# Clavius's Law/Formulation 2

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## Theorem

- $\vdash \left({\neg p \implies p}\right) \implies p$

## Proof 1

By the tableau method of natural deduction:

Line | Pool | Formula | Rule | Depends upon | Notes | |
---|---|---|---|---|---|---|

1 | 1 | $\neg p \implies p$ | Premise | (None) | ||

2 | 1 | $p$ | Sequent Introduction | 1 | Clavius's Law: Formulation 1 | |

3 | $\paren {\neg p \implies p} \implies p$ | Rule of Implication: $\implies \II$ | 1 – 2 | Assumption 1 has been discharged |

$\blacksquare$

## Proof 2

By the tableau method of natural deduction:

Line | Pool | Formula | Rule | Depends upon | Notes | |
---|---|---|---|---|---|---|

1 | 1 | $\neg p \implies p$ | Premise | (None) | ||

2 | $p \lor \neg p$ | Law of Excluded Middle | (None) | |||

3 | 3 | $\neg p$ | Assumption | (None) | Either $p$ is false ... | |

4 | 1, 3 | $p$ | Modus Ponendo Ponens: $\implies \mathcal E$ | 1, 3 | ||

5 | 5 | $p$ | Assumption | (None) | ... or $p$ is true | |

6 | 1 | $p$ | Proof by Cases: $\text{PBC}$ | 2, 3 – 4, 5 – 5 | Assumptions 3 and 5 have been discharged | |

7 | $\paren {\neg p \implies p} \implies p$ | Rule of Implication: $\implies \II$ | 1 – 6 | Assumption 1 has been discharged |

$\blacksquare$

## Proof by Truth Table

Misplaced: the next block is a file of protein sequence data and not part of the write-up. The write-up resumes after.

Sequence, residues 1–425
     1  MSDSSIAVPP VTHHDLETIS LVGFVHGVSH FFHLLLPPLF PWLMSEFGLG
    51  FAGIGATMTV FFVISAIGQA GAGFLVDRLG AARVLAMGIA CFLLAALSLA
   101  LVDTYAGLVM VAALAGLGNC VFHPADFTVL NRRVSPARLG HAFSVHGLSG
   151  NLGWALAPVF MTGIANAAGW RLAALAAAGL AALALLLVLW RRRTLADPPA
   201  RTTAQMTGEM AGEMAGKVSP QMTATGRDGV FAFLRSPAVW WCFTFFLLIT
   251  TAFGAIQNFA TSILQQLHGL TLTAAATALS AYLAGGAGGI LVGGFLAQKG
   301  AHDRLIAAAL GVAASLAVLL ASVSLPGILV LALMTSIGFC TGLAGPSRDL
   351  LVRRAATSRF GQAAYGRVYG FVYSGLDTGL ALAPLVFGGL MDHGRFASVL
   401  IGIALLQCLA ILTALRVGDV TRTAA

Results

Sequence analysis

We apply the Method of Truth Tables.

As can be seen by inspection, the truth value under the main connective is true for all boolean interpretations.

- $\begin{array}{|cccc|c|c|} \hline (\neg & p & \implies & p) & \implies & p \\ \hline \T & \F & \F & \F & \T & \F \\ \F & \T & \T & \T & \T & \T \\ \hline \end{array}$

$\blacksquare$

## Law of the Excluded Middle

This theorem depends on the Law of the Excluded Middle.

This is one of the axioms of logic that was determined by Aristotle, and forms part of the backbone of classical (Aristotelian) logic.

However, the intuitionist school rejects the Law of the Excluded Middle as a valid logical axiom.

This in turn invalidates this theorem from an intuitionistic perspective.

## Source of Name

This entry was named for Christopher Clavius.

## Sources

- 1946: Alfred Tarski:
*Introduction to Logic and to the Methodology of Deductive Sciences*(2nd ed.) ... (previous) ... (next): $\S \text{II}$: Exercise $11 \ \text{(a)}$ - 1965: E.J. Lemmon:
*Beginning Logic*... (previous) ... (next): Chapter $2$: The Propositional Calculus $2$: $2$: Theorems and Derived Rules: Exercise $1 \ \text{(e)}$